During an investment period, there are capital inflows (including external cash inflows and security deposits) and capital outflows (including external cash outflows and security withdrawals) on the account. The size and timing of capital flows have an impact on the investment’s rate of return. These capital inflows and outflows can distort the return on the account, by either overstating or understating the return as a result of the effects of the capital inflows or outflows.
Consider an account with a 7% return at the end of an investment period. If 3% is attributable to a cash inflow that was made on the last day of the investment period, then the return presented does not give a complete picture. The 3% return resulting from the capital inflow, distorts the return on the account.
To give a clearer picture of the rate of return, an investment period is broken down into sub-periods. Each sub-period reflects a capital inflow or outflow occurrence, where capital flow effects are incorporated in calculating return, within the sub-period that the capital flow is relevant. Saxo breaks down sub-periods into trading days so that capital flows are the sum of capital flows on a given trading day.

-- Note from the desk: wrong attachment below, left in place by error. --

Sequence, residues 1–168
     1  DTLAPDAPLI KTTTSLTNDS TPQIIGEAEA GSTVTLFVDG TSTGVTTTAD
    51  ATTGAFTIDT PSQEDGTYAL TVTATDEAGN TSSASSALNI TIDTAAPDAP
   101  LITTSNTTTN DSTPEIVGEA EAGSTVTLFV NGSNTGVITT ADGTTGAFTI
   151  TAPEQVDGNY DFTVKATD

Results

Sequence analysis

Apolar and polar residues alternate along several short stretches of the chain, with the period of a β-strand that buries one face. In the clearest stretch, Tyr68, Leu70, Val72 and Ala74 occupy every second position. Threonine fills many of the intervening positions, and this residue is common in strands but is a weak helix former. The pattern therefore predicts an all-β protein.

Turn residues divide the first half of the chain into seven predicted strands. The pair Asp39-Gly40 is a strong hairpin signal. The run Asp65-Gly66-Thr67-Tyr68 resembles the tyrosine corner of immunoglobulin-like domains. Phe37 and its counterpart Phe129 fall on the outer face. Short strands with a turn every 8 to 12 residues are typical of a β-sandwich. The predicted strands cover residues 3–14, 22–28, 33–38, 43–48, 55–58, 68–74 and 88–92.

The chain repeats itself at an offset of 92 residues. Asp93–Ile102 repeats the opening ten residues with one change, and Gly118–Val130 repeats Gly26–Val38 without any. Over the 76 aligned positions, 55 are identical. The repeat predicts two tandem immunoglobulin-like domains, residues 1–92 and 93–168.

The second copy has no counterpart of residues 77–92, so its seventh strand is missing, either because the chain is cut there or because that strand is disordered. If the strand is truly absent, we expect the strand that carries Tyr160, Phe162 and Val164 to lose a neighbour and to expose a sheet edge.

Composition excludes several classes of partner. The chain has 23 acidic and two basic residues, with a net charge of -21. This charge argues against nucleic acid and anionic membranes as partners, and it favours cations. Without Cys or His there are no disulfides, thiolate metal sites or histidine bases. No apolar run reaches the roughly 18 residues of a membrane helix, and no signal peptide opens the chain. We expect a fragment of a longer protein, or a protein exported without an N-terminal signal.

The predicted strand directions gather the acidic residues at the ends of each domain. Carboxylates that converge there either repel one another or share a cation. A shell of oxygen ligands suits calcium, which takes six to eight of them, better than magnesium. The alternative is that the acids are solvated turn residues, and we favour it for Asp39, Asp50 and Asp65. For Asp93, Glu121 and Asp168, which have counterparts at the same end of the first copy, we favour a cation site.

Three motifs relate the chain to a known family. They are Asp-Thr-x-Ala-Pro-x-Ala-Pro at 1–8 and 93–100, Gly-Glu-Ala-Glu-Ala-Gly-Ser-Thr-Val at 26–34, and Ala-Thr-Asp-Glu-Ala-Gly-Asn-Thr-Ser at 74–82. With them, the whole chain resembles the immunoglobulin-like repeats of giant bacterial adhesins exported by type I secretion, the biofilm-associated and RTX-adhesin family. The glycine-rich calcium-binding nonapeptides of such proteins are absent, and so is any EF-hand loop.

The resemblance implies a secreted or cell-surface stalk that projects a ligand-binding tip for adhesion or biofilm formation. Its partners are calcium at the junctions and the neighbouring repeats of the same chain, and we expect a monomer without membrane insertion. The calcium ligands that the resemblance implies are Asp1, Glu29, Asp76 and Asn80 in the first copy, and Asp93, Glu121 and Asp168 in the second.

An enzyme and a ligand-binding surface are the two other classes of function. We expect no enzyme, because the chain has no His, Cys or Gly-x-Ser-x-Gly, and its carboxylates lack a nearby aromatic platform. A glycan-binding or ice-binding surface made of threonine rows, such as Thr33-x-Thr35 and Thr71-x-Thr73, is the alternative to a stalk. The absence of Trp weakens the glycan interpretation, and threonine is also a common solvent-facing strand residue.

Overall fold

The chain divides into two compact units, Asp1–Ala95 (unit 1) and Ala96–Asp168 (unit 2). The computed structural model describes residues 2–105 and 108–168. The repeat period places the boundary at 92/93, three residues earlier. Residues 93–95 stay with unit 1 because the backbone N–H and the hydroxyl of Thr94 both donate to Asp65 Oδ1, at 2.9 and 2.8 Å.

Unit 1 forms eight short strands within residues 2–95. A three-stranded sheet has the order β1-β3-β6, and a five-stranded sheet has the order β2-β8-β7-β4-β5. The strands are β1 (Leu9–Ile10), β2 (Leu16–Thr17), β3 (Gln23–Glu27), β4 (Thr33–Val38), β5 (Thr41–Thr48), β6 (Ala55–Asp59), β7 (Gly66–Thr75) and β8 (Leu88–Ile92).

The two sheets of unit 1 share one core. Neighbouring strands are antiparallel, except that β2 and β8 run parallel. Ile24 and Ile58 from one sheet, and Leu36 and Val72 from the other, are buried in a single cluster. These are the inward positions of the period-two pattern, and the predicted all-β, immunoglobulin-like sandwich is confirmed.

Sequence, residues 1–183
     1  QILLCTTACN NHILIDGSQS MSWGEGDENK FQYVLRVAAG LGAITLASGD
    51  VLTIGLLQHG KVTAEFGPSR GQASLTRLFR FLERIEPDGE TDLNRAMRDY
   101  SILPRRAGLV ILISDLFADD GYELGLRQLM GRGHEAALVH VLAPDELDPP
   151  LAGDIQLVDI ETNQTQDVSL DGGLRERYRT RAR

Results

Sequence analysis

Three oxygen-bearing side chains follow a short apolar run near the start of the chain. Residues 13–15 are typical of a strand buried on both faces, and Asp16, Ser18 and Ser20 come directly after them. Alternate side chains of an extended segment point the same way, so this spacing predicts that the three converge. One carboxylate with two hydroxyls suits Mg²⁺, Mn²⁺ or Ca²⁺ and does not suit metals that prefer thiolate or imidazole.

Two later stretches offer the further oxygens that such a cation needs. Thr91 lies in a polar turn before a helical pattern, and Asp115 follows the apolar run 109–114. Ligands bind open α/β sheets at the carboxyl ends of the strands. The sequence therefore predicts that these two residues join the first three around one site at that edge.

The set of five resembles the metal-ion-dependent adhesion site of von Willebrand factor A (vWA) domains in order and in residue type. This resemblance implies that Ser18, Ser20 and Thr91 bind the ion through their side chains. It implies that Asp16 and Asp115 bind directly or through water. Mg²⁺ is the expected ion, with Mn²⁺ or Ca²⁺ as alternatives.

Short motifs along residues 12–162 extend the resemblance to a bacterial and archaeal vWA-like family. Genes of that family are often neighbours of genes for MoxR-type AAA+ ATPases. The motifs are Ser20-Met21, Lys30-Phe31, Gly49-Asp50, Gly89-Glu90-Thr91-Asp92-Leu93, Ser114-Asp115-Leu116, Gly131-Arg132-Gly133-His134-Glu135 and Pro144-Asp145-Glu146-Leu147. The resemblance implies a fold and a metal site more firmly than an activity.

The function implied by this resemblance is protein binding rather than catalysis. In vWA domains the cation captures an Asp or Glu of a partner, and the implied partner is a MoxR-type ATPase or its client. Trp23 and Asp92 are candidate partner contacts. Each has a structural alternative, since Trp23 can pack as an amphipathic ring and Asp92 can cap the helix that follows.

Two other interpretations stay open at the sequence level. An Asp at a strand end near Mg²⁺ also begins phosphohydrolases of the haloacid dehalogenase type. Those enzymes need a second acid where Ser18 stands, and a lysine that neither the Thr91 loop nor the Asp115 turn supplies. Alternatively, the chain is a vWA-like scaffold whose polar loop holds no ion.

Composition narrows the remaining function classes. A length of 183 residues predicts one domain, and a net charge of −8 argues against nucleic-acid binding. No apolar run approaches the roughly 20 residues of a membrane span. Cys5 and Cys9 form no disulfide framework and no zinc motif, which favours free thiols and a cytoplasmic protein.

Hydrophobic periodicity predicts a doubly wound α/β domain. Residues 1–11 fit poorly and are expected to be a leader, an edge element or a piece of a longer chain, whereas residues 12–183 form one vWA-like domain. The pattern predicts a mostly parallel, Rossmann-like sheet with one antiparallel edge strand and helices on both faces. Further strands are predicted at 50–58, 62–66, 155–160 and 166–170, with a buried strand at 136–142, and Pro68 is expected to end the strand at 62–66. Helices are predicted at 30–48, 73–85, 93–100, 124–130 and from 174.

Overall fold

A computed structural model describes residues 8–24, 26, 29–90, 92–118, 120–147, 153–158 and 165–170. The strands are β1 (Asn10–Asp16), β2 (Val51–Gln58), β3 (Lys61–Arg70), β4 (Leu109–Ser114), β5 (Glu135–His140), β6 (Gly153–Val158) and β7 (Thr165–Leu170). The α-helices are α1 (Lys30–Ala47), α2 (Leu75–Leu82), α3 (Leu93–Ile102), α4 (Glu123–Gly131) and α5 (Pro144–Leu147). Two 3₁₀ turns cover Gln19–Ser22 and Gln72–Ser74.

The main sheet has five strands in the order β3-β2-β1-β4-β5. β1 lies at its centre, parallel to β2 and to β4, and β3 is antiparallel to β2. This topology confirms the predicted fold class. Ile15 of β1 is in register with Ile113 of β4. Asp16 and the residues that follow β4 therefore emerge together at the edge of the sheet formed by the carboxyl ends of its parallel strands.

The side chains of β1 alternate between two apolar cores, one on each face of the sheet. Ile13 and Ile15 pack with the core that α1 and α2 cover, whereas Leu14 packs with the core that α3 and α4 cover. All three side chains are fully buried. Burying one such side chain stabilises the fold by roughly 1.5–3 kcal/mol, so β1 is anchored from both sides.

To calculate the time-weighted rate of return, consideration is made for the time (sub-period in which the capital flow occurred) and the size (capital flow amount).
The example below depicts an investment period with two sub-periods. The investment has a value of USD 1000 at the beginning-of-day 2nd May and grows in value to USD 1250, by 2nd May end-of-day. On 3rd May a cash inflow of USD 200 is received on the account, bringing the account value to USD 1450. The investment has a value of USD 1650 on 3rd May end-of-day. The investment period is broken down into two sub-periods: 2nd May where the account grows in value to USD 1250 and a second sub-period, 3rd May where there is a cash inflow of USD 200 and growth in the account value. The time-weighted rate of return is then calculated by first calculating the rate of return in each sub-period:
And then the time-weighted return is the accumulated rate of return of all the sub-periods, where the sub-periods are multiplied together and presented as a percentage:
Read more on how daily Percentage Returns are calculated taking into account whether the sum of capital flows on a given trading day is negative or positive.